• Paycheck Date Padding: If your paycheck deposit isn’t always dated on the expected pay date, specify how many days before or after the normal pay date we should look for it (keep this number small to avoid accidentally pulling in other paychecks) by adding numbers to the “Days Back” or “Days Forward” cells.

With all that set, you can close the Helper Data section.


In cell G3, choose whether to include other “Income” type transactions. Choosing ‘No’ will filter all transactions of type ‘Income’ except the defined Paycheck transactions.

In cell G5, select the “Paycheck Date” you’d like to examine. You’ll see displayed a list of transactions related with the Paycheck itself (deductions if defined, otherwise just the deposit transaction) followed by all the expense (and optionally income) transactions that occurred after the paycheck was received but before the next paycheck was received. Note: The template cannot account for time of day, so it assumes you received the paycheck at midnight on the selected date, and that all transactions on that date come after it.

The way I use it

I use the Paycheck Deduction Transaction Generator template (not required for use of this template) to generate all the deduction transactions for each paycheck.

For each paycheck related transaction, I set the “Account” column to be “ACME Paycheck”, which allows me to easily find all the ACME related paycheck transactions (you can do this by hand and even have AutoCAT add them for future transactions).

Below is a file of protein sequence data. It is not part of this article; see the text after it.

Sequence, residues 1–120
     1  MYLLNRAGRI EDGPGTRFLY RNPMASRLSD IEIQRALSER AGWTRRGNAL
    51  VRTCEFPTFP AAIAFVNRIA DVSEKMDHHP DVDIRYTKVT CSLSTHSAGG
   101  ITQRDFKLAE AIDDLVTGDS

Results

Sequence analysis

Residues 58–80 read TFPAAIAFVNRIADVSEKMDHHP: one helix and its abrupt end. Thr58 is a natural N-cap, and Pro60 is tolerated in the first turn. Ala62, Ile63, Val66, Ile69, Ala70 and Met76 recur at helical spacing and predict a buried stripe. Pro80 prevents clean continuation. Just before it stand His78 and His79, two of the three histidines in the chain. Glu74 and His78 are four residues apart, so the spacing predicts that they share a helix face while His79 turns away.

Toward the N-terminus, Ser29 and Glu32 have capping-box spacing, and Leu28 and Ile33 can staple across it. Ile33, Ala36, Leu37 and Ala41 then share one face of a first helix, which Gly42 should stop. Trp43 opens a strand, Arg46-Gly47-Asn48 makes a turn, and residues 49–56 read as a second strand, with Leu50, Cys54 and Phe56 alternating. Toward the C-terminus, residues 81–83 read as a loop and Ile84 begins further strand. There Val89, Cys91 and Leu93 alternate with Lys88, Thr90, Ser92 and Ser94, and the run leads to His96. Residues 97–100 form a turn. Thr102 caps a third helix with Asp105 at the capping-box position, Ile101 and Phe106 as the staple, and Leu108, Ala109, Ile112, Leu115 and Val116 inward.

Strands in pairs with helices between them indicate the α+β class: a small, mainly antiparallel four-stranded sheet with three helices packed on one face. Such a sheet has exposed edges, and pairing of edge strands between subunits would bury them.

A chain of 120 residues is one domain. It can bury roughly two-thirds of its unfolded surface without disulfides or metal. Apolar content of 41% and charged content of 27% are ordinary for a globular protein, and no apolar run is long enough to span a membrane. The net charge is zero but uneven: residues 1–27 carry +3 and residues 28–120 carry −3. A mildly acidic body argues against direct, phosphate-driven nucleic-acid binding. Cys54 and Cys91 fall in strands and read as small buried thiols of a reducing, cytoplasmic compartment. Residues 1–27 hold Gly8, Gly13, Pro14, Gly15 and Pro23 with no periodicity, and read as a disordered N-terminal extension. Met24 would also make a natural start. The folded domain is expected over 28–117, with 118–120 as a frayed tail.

This becomes important in the Paycheck Register template because occasionally a paycheck may show up a day early or a day late. If it shows up early, it and its deductions wouldn’t be found during a selected pay period.

I’ve worked around this problem by allowing the addition of ‘padding days’ to search for paychecks (but not non-paycheck related transactions), and I’ve associated all the deductions with the payment by using the “Account” field.

If you don’t do deduction transactions, and just have one deposit transactions, you can use “Category” instead, and simply choose a category that include only your paychecks from that one source.


This is a free template built by a member of the Tiller Community. While it’s free for anyone to use, it’s designed for spreadsheets automated by Tiller. Additionally, it’s recommended for use within the Foundation Template.

Tiller is the only automated personal finance service for Google Sheets and Microsoft Excel. Tiller automatically imports your daily spending, income, and balances in your spreadsheets, so you can see all your finances in one place and manage your money, your way. Learn more →

Unless otherwise noted above, this free template is installed with the Tiller Community Solutions add-on for Google Sheets. It's an easy way to browse and install dozens of free, prebuilt sheets for tracking budgets, debt payoff goals, net worth, savings, and more, all from the Google Sheets sidebar.

This template for Excel works best when installed in Tiller’s Foundation Template.

Visit the Tiller Community with any questions about this template.